The KU researcher pointed out that homeowner's insurance covers wind damage from a tornado but does not cover water damage from flooding, which perhaps is another reason her team encountered optimism along the Kansas tornado's track.
"I didn't systematically collect information on whether people had homeowner's insurance," Sutley said. "If a homeowner has a mortgage, then they are required to have homeowner's insurance. If many people had homeowner's insurance, then that could be a source of optimism. In this case, they can refocus their thoughts with more confidence that they will recover from this as opposed to thinking through the implications of losing everything. But, in the four years I've lived in Kansas, I've also heard about the grit of Midwesterners; that could be another explanation."
The team Sutley led consisted of structural engineering professors Remy Lequesne, Jian Li and William Kirkham in KU's civil, environmental & architectural engineering department; Haiyang Chao in the Department of Aerospace Engineering and ZhiQiang Chen at UMKC, along with several KU students. The team hopes to use this data to help codify tornado hazards and advance tornado-resistant design.
"We observed damage that was due to how a lot of the houses were constructed," Sutley said. "My specialty in structural engineering is wood-frame design. That's what places me really well for these types of residential damage assessments. In structural engineering, the fundamental principle is designing for a continuous-load path. That means a load on the roof gets transferred down into the foundation by passing through the walls. All buildings are designed with this gravity load path. What we're not seeing in practice in residential buildings, especially with older homes, is the path to transfer lateral and uplift loads. In Kansas, it's not legally articulated in the building codes that this is required, although it is mandated or heavily encouraged and advertised in places like Tulsa, Oklahoma, and in Florida. Tornadoes present large uplift and lateral forces, so buildings that lack proper connections between the roof and walls, or lack wall sheathing, or lack anchorage result in catastrophic failures when exposed to tornadoes. I saw walls glued to the concrete foundation. You don't have to be a structural engineer to know that walls only connected to the foundation through an adhesive are not going to do much when the wind blows."
Despite the tornado causing no deaths, and optimism among many affected by the storm, Sutley said surveying damage up close still takes an emotional toll on team members, and she noted how tough it can be on emergency relief workers.
"It's always surreal to be on the ground after a disaster—it is a forever frozen moment in your memory when you're standing outside and everything you see around you is complete destruction, and especially when you understand the societal implications of what you're witnessing," she said. "I told my team at the end of the day to make sure that they take some time to reflect and cope with what they witnessed and experienced all day. Because it can really charge your emotions, and especially when it's your community. I had a personal experience that largely motivated me to go into disaster research in grad school, when an EF4 tornado ripped through the middle of my home community in Tuscaloosa, Alabama. It is when I realized for the first time that we structural engineers didn't know and weren't doing anything about tornadoes. I was devastated and completely dumbfounded because I had been taking shelter my whole life from tornadoes and one had just destroyed Tuscaloosa; how could this be a load we don't even consider?"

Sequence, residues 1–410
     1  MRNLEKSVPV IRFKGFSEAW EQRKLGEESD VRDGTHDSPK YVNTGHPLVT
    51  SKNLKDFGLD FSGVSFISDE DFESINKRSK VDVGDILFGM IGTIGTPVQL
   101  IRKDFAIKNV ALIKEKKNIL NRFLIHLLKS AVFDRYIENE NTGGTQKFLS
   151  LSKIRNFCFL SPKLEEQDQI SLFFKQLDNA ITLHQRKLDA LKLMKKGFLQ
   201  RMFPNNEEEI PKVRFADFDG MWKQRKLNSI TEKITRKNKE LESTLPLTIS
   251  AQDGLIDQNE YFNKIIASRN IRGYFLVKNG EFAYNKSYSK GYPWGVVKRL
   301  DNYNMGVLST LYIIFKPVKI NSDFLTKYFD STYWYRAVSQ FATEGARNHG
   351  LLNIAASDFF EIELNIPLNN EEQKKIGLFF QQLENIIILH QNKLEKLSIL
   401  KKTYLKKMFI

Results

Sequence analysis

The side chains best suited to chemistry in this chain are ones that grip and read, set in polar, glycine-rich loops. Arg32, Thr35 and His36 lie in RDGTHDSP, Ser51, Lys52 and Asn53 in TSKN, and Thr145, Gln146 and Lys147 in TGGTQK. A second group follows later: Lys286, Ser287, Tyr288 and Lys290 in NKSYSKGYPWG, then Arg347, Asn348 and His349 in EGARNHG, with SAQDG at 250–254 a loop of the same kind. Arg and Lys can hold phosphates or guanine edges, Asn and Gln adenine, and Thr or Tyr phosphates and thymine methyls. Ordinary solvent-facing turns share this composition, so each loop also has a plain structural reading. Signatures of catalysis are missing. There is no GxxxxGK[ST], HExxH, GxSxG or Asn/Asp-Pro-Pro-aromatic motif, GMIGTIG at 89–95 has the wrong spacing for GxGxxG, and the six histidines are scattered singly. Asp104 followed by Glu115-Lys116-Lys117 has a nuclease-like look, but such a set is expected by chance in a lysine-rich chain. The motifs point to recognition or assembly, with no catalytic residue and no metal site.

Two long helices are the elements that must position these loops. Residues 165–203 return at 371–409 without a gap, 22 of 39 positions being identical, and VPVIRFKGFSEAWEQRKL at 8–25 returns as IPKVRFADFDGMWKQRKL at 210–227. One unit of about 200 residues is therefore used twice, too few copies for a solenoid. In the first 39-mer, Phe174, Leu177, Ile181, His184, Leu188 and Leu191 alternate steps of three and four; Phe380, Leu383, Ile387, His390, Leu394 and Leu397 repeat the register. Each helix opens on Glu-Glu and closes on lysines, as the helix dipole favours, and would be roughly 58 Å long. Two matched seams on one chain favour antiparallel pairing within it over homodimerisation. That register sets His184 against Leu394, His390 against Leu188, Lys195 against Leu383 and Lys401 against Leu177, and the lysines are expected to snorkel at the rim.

Sutley herself was in Seoul, Korea, when the recent tornado blew through Lawrence. When asked about what it was like to learn of the tornado while being so far away, she had to take a deep breath before responding.
"I learned that there was a tornado coming through when a friend living in Kansas City who I know from Tuscaloosa text-messaged me to take cover," she said. "I was actually really upset and trying to fight tears back while a close colleague was giving a really special keynote lecture. I had my iPhone headphones in listening to news reports saying that a very large tornado was headed to Lawrence. At the time, that was the only information available on the internet. I immediately tried to get in touch with my husband and many local friends to see if they were OK. It was probably only seconds before I heard back, but it was long enough for me to remember the horrible feelings of the unknown and potential dangers that I felt and witnessed back in 2011. Thankfully, information started flooding my phone and the internet, and I learned that my family, friends, students and colleagues were OK."
Provided by University of Kansas